Very often, when someone is arrested in federal court, it is the result of a federal agent having secured an arrest warrant and made the arrest pursuant to that warrant. This is unlike most state arrests where the officer will arrest someone after observing them commit a crime. Once someone is arrested in the federal system, that defendant has to be brought before a magistrate judge without unnecessary delay. Once at the federal courthouse, the arresting agents bring the defendant to the U.S. Marshals Service and the deputy marshals will allow the individual to speak to their attorney if they already have one.

A pretrial services officer will speak to the defendant prior to the defendant’s appearance in court and that officer prepares a report which includes a bail recommendation. The report is made available to defense counsel in the courtroom. Once in the courtroom, the defendant and their attorney will review the complaint and the pretrial services report. The defendant is advised of what the charges are against them but they do not enter a plea at this time and bail conditions are set. The final matter that arises during this first court appearance is the question of scheduling what’s called a “preliminary hearing” or a “probable cause determination.” The defendant is entitled to this hearing and it has to be held within 14 days of the defendant going into custody and or within 20 days if the magistrate judge releases the defendant.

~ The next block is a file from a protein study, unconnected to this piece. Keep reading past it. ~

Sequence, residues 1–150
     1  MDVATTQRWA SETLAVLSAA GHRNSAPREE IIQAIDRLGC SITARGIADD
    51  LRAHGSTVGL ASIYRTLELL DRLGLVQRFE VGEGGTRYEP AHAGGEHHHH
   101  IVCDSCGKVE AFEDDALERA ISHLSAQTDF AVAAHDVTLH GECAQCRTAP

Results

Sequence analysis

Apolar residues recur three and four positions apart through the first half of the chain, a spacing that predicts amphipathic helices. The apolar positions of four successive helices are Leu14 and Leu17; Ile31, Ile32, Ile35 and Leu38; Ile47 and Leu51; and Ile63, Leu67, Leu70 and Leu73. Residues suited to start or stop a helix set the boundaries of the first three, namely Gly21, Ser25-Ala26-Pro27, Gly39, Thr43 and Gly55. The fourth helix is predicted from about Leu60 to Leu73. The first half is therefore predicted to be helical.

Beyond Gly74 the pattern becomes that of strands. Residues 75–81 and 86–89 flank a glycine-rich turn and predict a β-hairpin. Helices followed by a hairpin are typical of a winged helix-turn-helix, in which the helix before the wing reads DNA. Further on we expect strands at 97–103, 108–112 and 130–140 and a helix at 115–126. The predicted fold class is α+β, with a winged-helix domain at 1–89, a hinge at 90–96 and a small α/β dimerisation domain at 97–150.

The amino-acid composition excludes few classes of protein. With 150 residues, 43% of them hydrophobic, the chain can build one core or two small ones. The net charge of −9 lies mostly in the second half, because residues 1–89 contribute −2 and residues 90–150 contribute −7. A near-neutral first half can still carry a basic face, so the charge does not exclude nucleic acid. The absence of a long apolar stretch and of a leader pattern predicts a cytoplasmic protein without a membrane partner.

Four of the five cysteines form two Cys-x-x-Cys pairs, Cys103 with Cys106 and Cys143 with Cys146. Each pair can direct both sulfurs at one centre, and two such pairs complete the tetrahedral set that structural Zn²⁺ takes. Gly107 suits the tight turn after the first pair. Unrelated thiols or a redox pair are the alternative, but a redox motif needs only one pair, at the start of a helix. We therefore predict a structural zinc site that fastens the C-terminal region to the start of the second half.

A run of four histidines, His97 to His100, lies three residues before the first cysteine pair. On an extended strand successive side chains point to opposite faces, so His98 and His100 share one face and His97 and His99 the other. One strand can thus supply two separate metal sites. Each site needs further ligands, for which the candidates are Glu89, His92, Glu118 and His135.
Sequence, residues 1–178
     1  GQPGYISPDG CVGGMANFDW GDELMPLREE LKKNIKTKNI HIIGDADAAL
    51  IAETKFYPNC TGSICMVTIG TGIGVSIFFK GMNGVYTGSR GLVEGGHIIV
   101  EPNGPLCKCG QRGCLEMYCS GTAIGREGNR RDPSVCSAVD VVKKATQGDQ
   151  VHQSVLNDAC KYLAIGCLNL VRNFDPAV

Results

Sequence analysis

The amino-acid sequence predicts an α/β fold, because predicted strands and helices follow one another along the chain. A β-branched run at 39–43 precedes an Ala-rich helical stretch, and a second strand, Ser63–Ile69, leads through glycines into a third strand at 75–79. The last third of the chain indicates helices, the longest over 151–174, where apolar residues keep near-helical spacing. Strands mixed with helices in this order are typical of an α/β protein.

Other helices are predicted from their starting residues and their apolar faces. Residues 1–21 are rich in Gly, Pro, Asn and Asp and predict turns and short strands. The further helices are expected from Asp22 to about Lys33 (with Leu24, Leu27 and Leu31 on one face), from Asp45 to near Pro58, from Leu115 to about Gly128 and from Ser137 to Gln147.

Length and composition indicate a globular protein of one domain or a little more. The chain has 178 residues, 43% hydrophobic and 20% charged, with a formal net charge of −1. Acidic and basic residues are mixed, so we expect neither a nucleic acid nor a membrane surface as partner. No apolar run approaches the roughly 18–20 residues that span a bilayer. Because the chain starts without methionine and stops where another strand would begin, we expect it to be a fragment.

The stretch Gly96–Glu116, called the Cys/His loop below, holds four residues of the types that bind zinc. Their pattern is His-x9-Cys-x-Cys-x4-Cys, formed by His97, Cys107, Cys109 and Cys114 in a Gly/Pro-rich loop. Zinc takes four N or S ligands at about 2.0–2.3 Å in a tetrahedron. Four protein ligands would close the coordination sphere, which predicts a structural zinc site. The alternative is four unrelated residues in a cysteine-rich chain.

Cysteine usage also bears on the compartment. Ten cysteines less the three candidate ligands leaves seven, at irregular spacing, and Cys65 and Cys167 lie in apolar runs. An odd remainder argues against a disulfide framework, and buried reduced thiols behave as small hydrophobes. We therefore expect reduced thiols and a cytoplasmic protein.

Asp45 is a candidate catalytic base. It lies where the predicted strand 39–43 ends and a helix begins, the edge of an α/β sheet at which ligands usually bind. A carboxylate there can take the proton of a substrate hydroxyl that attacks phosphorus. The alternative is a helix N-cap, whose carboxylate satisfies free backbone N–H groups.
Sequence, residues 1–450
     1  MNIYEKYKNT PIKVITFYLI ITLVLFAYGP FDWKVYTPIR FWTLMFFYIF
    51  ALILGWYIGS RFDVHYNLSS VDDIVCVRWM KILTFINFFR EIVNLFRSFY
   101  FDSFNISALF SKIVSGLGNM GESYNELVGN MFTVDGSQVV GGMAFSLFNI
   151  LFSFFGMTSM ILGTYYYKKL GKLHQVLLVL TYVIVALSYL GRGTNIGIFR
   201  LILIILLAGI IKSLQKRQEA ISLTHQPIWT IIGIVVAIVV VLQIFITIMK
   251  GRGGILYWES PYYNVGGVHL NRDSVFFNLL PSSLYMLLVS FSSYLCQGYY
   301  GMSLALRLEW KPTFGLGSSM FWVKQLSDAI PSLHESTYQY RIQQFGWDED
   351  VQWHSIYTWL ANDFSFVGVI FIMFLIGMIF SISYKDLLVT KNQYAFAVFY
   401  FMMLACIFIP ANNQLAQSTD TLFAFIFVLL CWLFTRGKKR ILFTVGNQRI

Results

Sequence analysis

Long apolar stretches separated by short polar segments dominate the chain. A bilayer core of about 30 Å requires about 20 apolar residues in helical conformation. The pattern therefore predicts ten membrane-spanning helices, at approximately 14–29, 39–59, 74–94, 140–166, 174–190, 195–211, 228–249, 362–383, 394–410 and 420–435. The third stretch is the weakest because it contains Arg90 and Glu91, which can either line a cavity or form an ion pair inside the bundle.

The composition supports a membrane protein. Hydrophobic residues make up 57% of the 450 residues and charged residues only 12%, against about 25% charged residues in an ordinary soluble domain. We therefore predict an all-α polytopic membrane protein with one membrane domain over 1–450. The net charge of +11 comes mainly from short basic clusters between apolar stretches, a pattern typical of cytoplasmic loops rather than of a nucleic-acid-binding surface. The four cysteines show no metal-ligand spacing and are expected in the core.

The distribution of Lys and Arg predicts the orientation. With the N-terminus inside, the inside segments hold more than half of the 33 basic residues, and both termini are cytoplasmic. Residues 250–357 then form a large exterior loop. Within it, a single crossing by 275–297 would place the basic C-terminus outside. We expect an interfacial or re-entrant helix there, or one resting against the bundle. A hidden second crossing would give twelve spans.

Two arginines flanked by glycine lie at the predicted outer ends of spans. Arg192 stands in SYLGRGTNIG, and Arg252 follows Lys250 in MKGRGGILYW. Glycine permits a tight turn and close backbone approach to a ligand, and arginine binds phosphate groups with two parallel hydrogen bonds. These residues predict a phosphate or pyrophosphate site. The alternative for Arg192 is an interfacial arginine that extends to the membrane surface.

Should I Try To Work With Federal Authorities In My Federal Criminal Case?

Whether it be in federal court or state court, you should only be speaking to the authorities with your attorney involved every step of the way. It’s a very fact-specific determination whether or not you should try to work with the authorities in your case. Under the right circumstances, cooperating with the authorities can be to person’s advantage. If one eventually pleads guilty to a federal crime, one of the things considered at sentencing is any cooperation that the defendant has provided to the government.

How Do Sentencing Guidelines Work In Federal Court? Am I Ever Eligible For Probation?

The Federal Sentencing Guidelines are extremely complex and arcane. They are probably the single biggest difference between practicing in state court and federal court. They are one of the biggest reasons why one needs an experienced federal criminal practitioner who fully understands how these guidelines work. Entire books and manuals are published on how to interpret the guidelines. A federal judge is not strictly bound by the guidelines but does take them into account at sentencing. In terms of probation, it’s less common in federal court than it is in a state court but, for certain offenses, probation can be available.

Why Do I Need An Attorney Who Specifically Handles Federal Criminal Cases?

One would be mistaken if they believed that the practice of criminal law is the same at the State and Federal levels. At the Federal level, law enforcement are generally better trained, better funded, and when they bring charges, they have already been observing the individual and building their case for a period of time. There are important differences in the legal procedures in Federal Court with which a lawyer who has only practiced in state court may not be familiar. In addition, the Federal Sentencing Guidelines are very complex and are very difficult to interpret without experience. The federal criminal justice system entails much longer sentences and you need an attorney who has experience in this area and is ready to take on the federal government on your behalf.

For more information on Federal Criminal Cases In New York, a free initial consultation is your next best step. Get the information and legal answers you are seeking by calling (631) 259-6060 today.